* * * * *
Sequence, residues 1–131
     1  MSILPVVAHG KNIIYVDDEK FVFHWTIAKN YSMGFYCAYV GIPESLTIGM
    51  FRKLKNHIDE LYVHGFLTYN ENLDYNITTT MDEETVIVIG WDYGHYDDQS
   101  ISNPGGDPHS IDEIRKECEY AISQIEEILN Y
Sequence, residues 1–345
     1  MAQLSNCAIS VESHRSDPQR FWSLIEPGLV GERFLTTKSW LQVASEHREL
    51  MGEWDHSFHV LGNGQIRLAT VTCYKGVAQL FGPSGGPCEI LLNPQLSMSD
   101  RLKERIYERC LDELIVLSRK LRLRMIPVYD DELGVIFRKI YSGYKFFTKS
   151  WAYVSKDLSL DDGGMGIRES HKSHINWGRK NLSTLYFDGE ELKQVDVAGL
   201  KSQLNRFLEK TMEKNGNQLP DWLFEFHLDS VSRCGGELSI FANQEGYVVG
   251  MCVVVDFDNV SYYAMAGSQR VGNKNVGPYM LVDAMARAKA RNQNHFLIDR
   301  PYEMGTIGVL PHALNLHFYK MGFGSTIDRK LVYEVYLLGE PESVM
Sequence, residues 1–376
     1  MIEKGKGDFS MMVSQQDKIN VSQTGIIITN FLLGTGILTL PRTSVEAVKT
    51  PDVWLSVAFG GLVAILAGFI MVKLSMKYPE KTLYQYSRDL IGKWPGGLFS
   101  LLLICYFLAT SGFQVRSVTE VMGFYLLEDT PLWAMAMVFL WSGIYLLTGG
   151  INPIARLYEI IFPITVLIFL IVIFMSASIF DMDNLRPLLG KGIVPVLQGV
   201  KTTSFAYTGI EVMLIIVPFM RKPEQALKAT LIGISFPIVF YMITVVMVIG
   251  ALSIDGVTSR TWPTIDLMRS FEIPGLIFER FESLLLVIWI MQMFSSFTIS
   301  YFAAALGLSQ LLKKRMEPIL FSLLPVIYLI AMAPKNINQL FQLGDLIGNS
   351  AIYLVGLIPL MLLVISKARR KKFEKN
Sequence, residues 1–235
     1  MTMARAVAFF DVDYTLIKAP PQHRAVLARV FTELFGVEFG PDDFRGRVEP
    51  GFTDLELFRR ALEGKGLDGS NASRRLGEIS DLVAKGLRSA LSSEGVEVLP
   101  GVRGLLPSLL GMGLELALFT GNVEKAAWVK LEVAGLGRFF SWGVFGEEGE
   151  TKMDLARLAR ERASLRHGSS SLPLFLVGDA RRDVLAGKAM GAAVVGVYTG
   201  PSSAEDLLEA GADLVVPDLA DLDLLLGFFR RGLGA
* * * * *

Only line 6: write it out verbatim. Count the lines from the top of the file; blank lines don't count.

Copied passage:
     1  MAQLSNCAIS VESHRSDPQR FWSLIEPGLV GERFLTTKSW LQVASEHREL